PowerShell and DevOps Summit 2016

Well another PowerShell Summit has come and gone. Although now we’re all grown up and are now the PowerShell and DevOps Global Summit. This year’s event was sold out and featured speakers from around the world as well as many people from Microsoft. In fact this is the only event where you can interact personally with members of the PowerShell and Windows Server product teams as well as get sneak peeks about what is coming. Even though most of the sessions were recorded and will eventually be made publicly available, not everything was recorded and of course you can’t capture the one-on-one nature of the event.

I enjoyed meeting old friends and making some new ones. I sat in on some very interesting sessions and have a number of new things to try out and play with if I ever get a bit of spare time.

I presented a 2 hour session that centered on how I rapidly build new PowerShell tools from existing commands. I received some terrific feedback and the session went well. I never know if what I’m presenting is what people are expecting or at the level they need but I think this session went well. The session was recorded and as far as I know eventually it will be posted online. I’ll share that information when it happens. In the meantime, I’ve assembled all of my demos into a zip file which you can download from here.

Next year’s event will be back in Bellevue, Washington most likely in April 2017. Don’t wait to register when you see it open.  A call for sessions will open up probably in the August-September time frame.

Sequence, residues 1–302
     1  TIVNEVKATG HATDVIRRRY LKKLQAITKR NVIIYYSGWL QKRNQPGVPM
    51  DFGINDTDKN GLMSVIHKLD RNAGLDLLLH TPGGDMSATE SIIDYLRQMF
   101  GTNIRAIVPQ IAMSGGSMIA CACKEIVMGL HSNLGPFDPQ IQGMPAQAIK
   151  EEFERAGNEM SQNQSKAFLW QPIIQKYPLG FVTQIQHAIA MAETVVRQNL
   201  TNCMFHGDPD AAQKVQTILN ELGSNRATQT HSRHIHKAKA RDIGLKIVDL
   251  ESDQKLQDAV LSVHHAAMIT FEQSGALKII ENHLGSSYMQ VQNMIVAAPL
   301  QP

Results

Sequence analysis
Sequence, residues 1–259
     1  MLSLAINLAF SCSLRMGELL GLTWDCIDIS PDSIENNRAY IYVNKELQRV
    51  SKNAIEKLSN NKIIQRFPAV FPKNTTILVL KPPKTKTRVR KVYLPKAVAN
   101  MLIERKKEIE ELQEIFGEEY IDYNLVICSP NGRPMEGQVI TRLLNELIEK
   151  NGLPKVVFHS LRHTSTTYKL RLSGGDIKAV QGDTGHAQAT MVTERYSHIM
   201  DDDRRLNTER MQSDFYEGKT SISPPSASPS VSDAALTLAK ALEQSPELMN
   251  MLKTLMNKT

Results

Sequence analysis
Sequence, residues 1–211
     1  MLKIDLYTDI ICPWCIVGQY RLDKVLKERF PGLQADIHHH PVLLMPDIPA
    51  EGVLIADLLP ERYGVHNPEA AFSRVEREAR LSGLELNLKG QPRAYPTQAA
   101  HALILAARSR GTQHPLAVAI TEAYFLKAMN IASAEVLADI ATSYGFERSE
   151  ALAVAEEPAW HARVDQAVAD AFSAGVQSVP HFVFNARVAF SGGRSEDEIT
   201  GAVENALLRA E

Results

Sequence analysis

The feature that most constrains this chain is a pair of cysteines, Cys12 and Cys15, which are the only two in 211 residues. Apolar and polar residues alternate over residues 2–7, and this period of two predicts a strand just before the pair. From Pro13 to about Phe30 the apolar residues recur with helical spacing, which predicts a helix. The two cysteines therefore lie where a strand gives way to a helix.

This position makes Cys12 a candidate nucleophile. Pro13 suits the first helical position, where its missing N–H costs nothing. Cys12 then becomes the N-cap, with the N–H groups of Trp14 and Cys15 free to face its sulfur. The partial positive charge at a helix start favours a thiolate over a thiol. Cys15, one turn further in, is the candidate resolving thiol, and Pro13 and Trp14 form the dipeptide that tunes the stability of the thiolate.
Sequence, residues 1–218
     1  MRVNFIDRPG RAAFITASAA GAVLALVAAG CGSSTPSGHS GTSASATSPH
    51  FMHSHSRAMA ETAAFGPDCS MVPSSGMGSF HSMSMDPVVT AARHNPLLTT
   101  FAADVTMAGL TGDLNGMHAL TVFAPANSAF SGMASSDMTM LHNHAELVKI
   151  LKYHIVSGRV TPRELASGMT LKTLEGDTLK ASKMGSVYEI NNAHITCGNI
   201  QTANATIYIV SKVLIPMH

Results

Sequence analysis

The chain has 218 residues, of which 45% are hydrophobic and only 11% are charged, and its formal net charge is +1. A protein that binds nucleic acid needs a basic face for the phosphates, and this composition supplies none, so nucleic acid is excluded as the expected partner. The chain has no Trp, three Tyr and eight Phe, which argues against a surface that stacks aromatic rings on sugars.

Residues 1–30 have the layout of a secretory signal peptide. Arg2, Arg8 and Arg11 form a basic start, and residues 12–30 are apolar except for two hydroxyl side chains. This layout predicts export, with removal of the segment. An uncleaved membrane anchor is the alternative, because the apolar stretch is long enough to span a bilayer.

If you attended this year, I’d love to know what you thought, what you took away and what you think would make it an even more awesome event.

The Power of Custom Properties

The other day fellow PowerShell MVP Adam Bertram published an article about using custom properties with Select-Object. It is a good article in that it gets you thinking about PowerShell in terms of objects and not simple text. But I want to take Adam’s article as a jumping off point and take his ideas a bit further. I’m going to use Adam’s same example as a learning tool. Don’t get distracted by other ways to get the same information. The process and techniques are what matter here.

Whenever I’m working with PowerShell, I’m always thinking about how I can use this at scale.  How can I get this same information for 10 or 100 servers? And of course,  at this point I need to make sure I include a computername in the results.  First, I’ll try something with a single computer.

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Close but not quite. Get-CimInstance is writing multiple objects to the pipeline.  The server in question has 2  8GB sticks of memory which is what you see in the output. I need something more along Adam’s original idea to that this becomes 16GB.

What I really want is the Sum property from Measure-Object and to that I need to add a Computername property. I’ll turn things around a bit.

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This works because I’m using the common PipelineVariable parameter introduced in PowerShell 4.  What happens is that the pipeline output from Get-CimInstance is stored in a variable, pv, which I can access later in the expression. In my case I’m defining a new property for the computername using $pv and adding it to the selected output from Measure-Object.

However, if I try this for multiple computer names, I don’t get the expected result.

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That’s because I’m adding up the physical memory instances from all servers, which isn’t really what I want. Instead, this is a situation where I have to process each computer individually.

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One thing to be careful of when using the ForEach enumerator is that you can’t pipe the output to another cmdlet like Export-CSV, unless you explicitly save the results to a variable.

Then you can pipe $data to other cmdlets. You can use ForEach-Object although it might be little harder to follow.